Members of the 48th Security Forces Squadron fold the American flag during a special retreat ceremony held last Thursday at RAF Lakenheath for National Police Week.

Members of the 48th Security Forces Squadron fold the American flag during a special retreat ceremony held last Thursday at RAF Lakenheath for National Police Week. (Charlie Reed / S&S)

RAF LAKENHEATH — enior Airman Albert Seidenstucker played taps on the bugle, his solemn expression masking a year’s worth of pain since his buddy, Senior Airman Jason Nathan, was killed in Iraq.

The two were roommates at Camp Speicher near Tikrit when Nathan, 22, died after a roadside bomb exploded near his vehicle while he was performing gunner duties in a convoy last June. Nathan is the only member of the 48th Fighter Wing who has died in Operation Iraqi Freedom.

With the somber tune, Seidenstucker helped pay tribute to Nathan, who served with the 48th Security Forces Squadron, at a special retreat ceremony at Lakenheath last week for National Police Week.

For Seidenstucker, also a member of security forces, and others who attended the event, the grieving process came full circle.

"Because we’re coming up on the anniversary, I think this helps close the loop, but we’ll always remember Airman Nathan," said Maj. John Northon, commander of the 48th Security Forces Squadron.

Lakenheath is dedicating the new Gate 2 to Nathan when it opens next month, another effort that will go a long way in memorializing the young airman’s sacrifice, he said.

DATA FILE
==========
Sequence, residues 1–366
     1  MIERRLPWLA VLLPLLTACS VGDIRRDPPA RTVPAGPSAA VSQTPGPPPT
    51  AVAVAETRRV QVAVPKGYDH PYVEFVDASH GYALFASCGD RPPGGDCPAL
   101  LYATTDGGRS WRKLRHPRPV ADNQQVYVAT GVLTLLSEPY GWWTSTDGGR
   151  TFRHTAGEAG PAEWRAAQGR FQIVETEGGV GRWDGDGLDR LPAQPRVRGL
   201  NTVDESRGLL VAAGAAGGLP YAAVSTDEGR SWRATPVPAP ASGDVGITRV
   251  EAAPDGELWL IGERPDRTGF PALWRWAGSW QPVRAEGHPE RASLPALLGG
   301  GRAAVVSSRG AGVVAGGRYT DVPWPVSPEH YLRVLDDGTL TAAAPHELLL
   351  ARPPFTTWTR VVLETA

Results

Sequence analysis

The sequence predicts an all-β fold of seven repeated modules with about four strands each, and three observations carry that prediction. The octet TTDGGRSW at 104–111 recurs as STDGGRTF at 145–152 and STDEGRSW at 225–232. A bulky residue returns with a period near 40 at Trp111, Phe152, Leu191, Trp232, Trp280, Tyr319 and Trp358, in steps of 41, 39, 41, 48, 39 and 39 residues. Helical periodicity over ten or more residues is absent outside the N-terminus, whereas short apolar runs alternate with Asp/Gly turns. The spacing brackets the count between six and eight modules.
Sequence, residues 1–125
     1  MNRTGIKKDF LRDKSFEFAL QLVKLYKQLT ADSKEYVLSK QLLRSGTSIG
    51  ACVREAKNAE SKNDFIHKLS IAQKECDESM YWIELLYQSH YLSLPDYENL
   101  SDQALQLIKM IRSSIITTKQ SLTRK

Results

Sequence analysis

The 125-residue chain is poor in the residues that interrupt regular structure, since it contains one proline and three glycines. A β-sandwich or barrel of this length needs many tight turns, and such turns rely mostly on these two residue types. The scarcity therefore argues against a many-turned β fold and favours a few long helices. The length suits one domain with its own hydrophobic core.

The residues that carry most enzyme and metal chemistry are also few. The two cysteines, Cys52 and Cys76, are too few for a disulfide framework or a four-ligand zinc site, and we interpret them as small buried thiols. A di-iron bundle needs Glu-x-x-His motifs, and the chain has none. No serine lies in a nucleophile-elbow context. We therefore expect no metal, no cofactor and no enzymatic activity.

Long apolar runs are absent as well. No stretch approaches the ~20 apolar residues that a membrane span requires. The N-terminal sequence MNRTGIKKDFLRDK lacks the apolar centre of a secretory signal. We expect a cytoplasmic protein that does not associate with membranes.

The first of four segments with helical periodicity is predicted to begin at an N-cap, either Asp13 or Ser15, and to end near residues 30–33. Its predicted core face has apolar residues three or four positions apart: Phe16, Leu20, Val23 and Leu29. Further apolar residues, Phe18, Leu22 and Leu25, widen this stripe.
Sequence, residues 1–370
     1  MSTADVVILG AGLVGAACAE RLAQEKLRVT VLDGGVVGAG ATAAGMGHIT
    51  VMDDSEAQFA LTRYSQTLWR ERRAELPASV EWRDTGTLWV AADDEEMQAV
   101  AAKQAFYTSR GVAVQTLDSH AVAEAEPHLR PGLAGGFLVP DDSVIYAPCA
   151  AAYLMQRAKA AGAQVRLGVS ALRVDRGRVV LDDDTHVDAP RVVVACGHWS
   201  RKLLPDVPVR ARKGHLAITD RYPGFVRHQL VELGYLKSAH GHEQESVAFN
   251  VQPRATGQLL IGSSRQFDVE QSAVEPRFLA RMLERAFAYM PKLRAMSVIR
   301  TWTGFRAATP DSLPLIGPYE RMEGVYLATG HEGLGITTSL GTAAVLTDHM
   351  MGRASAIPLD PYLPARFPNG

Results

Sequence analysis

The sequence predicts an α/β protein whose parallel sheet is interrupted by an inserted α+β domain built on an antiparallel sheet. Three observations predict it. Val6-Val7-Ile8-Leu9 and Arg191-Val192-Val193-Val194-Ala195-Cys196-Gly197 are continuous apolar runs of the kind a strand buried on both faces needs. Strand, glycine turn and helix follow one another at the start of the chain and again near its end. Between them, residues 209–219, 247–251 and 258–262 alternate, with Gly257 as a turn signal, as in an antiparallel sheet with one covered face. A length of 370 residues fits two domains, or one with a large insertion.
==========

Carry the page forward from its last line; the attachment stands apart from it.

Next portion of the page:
Established in 1962, Police Week is embraced by American law enforcement officers as a time to honor their fallen colleagues and educate the public about their work. The theme of this year’s Police Week, "A Time of Honoring, Remembering and Healing," could not have been more appropriate in the wake of Nathan’s death, Northon said.

Nathan, from Macon, Ga., is one of eight Air Force security forces members who have been killed in Iraq and one of about 200 American police officers who died in the line of duty in 2007, according to Lakenheath officials and the nonprofit group Concerns of Police Survivors.

For Col. Mark Nowland, vice commander of the 48th Fighter Wing, Police Week was a chance to celebrate the blue beret-wearing airmen who sometimes go unrecognized in their round-the-clock work.

"These are the first people you see coming on to base and the last people you see leaving, and their professionalism is always second to none," Nowland said.

Besides the retreat, Lakenheath and nearby RAFs Mildenhall and Feltwell also hosted a series of more lighthearted events to mark the week, including a shooting competition, combat course, fitness challenge and golf tournament.

The shootout at Feltwell pitted six, four-man security forces and British police teams against one another in a battle of marksmen. In two heats, each team ran from the gate to the firing range before taking shots, first with the M9 Beretta pistol, then with the M16A2 rifle.

"It’s about bragging rights more than anything," said Master Sgt. Ottis Pack, of the 48th Security Forces Squadron and the noncommissioned officer in charge of Feltwell’s firing range. Though he was running the event, Pack jokingly told Feltwell team members there would be hell to pay if they didn’t win.

Luckily, they did, taking first place in both categories.

"We’re good," said Tech. Sgt. Chad Dispense, a member of the team. "We’re off the hook."

Sign Up for Daily Headlines

Sign up to receive a daily email of today's top military news stories from Stars and Stripes and top news outlets from around the world.

Sign Up Now